Socialist Worker

Striking back at the post empire

Issue No. 1876

AS THE brilliant post strike spread around the country Socialist Worker readers were visiting picket lines and organising collections in support.

In London alone 252 copies of the paper were sold on picket lines and thousands of leaflets arguing to spread the strike and connecting it with the demonstration against Bush were handed out.


'Posties one - Royal Mail nil'

JONATHAN, A council worker from Hackney, London, told me about the mood at his local sorting office:

'We went down to the Clapton picket line regularly during the dispute, selling nine copies of the paper. We took £30 that we had collected from people at our local Stop Bush meeting. A union steward from the council brought £43 she had collected and a lecturer brought £65 from his college.

'We decided to have a victory breakfast on Tuesday of this week. One Socialist Worker reader brought some food. I made some posters saying 'Posties one-Royal Mail nil.'

'The union rep held a meeting on the gate. He said it was a great victory won by ordinary workers and thanked us for our solidarity during the dispute.

'There was a great buzz and a feeling of victory.'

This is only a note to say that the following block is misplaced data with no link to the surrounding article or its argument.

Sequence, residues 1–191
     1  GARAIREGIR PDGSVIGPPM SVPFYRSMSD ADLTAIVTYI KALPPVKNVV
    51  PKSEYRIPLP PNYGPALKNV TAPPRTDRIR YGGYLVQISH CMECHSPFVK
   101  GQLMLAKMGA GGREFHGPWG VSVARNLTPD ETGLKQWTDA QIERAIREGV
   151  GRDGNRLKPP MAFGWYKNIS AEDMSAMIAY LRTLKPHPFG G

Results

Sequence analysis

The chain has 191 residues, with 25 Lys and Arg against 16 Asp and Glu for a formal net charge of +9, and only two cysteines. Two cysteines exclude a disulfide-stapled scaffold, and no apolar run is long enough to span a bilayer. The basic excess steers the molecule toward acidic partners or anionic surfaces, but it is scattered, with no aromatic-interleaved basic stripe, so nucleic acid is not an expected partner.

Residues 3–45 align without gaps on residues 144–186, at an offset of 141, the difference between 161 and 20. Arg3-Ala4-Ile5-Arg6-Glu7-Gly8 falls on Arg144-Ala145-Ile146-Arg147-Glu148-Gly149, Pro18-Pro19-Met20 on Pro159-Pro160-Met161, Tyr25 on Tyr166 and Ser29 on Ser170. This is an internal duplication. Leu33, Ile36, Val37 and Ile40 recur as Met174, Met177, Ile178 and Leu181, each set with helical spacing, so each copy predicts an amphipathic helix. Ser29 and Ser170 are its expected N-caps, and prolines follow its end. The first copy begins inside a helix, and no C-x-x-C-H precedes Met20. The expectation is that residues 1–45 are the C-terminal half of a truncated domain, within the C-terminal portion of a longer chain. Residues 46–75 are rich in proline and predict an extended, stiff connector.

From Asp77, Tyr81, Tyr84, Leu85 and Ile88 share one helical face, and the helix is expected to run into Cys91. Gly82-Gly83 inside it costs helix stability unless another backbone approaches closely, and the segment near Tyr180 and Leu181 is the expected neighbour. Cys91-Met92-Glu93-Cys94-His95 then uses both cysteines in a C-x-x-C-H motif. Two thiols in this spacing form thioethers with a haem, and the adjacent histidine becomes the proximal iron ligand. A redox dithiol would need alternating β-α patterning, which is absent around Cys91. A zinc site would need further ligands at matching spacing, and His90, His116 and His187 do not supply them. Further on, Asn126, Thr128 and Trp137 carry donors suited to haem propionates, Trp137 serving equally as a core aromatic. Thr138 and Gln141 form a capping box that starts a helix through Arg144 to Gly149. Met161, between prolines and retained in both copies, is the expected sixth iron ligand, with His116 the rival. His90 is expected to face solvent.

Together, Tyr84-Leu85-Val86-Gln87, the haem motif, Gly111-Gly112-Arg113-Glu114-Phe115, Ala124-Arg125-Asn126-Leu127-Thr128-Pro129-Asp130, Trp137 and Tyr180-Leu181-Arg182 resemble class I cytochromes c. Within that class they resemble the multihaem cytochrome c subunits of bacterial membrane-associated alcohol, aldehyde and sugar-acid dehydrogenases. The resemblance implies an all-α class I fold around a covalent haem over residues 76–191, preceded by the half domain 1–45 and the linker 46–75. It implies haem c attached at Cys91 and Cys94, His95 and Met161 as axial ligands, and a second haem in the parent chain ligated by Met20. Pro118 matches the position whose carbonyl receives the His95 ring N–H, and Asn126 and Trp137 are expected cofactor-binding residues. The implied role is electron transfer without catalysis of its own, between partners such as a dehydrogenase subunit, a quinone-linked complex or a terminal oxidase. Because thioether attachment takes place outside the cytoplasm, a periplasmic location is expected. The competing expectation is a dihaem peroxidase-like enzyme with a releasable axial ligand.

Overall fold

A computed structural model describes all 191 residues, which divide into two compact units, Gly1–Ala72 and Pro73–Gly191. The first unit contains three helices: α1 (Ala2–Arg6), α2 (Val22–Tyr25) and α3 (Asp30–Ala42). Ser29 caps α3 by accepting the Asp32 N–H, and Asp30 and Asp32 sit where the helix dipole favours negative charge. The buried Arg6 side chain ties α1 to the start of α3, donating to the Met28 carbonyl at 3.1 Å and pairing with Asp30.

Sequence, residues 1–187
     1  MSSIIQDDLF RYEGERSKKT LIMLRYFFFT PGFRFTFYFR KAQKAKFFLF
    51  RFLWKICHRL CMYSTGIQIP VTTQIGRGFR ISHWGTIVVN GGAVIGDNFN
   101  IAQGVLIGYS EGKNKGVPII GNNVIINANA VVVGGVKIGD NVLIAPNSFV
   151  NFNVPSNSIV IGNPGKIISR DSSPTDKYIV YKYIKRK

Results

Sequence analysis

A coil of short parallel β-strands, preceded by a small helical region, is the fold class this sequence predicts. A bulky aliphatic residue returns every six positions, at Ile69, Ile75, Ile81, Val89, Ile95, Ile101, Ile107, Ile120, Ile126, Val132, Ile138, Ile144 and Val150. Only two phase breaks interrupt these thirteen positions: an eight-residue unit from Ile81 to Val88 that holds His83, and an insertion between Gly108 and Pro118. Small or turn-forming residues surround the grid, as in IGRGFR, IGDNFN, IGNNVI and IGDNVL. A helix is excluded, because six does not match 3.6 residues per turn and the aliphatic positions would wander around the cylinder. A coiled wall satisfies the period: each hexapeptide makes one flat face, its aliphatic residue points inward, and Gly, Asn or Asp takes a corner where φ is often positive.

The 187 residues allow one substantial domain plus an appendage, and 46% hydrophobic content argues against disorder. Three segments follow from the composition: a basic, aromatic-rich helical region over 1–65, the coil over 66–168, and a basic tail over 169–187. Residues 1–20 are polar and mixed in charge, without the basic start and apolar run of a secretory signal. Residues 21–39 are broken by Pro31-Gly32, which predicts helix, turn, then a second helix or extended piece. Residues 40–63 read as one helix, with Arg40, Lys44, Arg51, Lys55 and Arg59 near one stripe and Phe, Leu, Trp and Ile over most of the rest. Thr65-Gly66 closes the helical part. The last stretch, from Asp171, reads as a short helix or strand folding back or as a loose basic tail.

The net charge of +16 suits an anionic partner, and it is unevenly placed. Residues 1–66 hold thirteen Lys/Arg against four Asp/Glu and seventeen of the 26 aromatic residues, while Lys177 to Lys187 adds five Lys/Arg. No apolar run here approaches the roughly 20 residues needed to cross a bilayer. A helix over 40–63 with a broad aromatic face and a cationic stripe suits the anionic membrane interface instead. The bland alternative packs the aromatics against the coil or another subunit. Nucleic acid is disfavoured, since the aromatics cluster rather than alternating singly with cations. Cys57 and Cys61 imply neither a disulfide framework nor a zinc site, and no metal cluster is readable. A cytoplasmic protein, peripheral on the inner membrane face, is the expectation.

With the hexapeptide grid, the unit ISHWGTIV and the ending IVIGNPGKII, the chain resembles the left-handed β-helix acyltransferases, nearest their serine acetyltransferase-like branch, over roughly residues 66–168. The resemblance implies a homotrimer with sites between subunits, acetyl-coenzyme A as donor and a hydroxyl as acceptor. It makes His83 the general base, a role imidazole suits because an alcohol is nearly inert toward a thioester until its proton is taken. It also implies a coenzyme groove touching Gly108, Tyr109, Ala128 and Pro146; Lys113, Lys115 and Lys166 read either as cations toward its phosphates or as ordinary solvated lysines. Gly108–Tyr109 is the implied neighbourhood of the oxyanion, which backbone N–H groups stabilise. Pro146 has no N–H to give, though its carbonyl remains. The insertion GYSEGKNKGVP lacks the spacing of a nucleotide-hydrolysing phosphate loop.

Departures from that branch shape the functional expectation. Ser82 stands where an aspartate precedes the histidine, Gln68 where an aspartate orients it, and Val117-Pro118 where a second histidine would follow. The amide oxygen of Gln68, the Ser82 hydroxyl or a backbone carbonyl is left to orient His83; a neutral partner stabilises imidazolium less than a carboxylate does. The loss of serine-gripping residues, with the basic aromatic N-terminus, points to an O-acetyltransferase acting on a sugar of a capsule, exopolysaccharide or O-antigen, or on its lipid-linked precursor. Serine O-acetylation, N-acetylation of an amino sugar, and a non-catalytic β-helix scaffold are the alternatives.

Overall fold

The post must not get through!

SELLING SOCIALIST Worker can make a real difference. Anthony has been selling the paper at his local office in Ilford. 'We had not had a brilliant reception there up until the dispute,' he says.

'We went on Monday expecting them to walk out, but they were in work. On Tuesday we sold at Romford, also in east London, where six drivers were suspended.

'Barking, Dagenham and Romford were all out, but Ilford still wasn't. We leafleted the sorting office. Then we got a phone call from a worker there asking us to sell the paper and leaflet it again.

'The next day readers went down and put in a leaflet and sold five copies of Socialist Worker. The post workers held a 110-strong union meeting and voted to walk out.

'The mood completely changed. We got a great reception. One of the reps told us that he had never read our paper before the dispute, but he was much more interested now we had helped to get the office out.'


Art students brush up on sales

BEA, A student from Camberwell Art College, told me about a sale she organised around her student halls: 'I went round the halls with a couple of people who have just started reading the paper.

'Over 50 people signed the Stop the War Coalition 'Stop Bush' petition.

'We sold four copies of the paper to students. There was lots of interest in the Bush visit and people were keen on the idea of organising 'art strikes', where we spend the day doing art against Bush instead of coursework.'


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Article information

Features
Sat 8 Nov 2003, 00:00 GMT
Issue No. 1876
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